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The overlap of the highlight and shadow sliders, when set to a high value, significantly affect the mid-tone values as well. That may not be what is wanted. Take for example the use of the shadows slider… Some of DXO’s competitors have shadows sliders that cover a narrower bandwidth allowing them to extract details from deep shadows without also significantly affecting the mid tones. DXO’s global shadows slider is less effective for that purpose on its own and requires an opposite adjustment of the mid-tones slider to compensate. I find it easier to use local adjustments to target specific areas from which I want to extract shadow detail.


I do have film pack. I will give it a try, thanks. I will also try and create a preset with a reduced level of clear view.

I do use clear view in a local adjustment and I find this quite effective.

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selective tone is luminance driven and contrast is detail driven.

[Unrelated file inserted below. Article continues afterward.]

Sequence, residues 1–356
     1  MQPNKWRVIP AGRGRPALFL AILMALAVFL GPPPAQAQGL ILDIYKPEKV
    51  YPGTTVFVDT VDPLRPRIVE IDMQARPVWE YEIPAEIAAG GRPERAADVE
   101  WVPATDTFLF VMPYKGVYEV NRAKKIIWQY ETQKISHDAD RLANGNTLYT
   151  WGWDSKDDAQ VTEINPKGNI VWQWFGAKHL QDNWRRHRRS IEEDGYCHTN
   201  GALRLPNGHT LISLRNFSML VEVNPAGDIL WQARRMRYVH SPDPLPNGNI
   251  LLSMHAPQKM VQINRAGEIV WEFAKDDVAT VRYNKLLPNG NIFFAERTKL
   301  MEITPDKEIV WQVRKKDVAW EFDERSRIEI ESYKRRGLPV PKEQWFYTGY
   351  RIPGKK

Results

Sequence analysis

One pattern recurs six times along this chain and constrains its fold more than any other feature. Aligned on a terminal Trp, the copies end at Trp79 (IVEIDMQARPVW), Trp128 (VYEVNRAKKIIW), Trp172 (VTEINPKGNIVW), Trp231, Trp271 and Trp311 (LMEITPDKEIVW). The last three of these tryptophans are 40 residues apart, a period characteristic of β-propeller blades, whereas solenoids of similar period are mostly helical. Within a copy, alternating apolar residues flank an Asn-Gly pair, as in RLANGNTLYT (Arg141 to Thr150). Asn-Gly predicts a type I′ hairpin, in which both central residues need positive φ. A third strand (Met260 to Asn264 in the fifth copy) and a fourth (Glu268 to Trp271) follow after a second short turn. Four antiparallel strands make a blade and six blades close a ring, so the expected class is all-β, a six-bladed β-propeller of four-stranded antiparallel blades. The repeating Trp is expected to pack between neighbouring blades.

So both at -30 is the same lowering as -60 only selective tone, using both preventing you to get grayish artefacts in the “blown sections”
Pushing selective down and contrast up gives you more detail in the highlights wile luminance is tempered.
pushing shadow you want details so use the contrast also to push up.
getting blotches in shadows pull contrast down. smoothing.

(test it with a shot/image of a plastered white wall, you will se what i meant.)

Don’t be afraid to use Exposure compensation in center weighted average and Smartlighting spot weighted at the same time by using both you can leave SL in a slight modes most of the time. and push exposure wile SL react on your change.

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Yes, I agree and this what I was trying to say but apparently didn’t succeed…lol.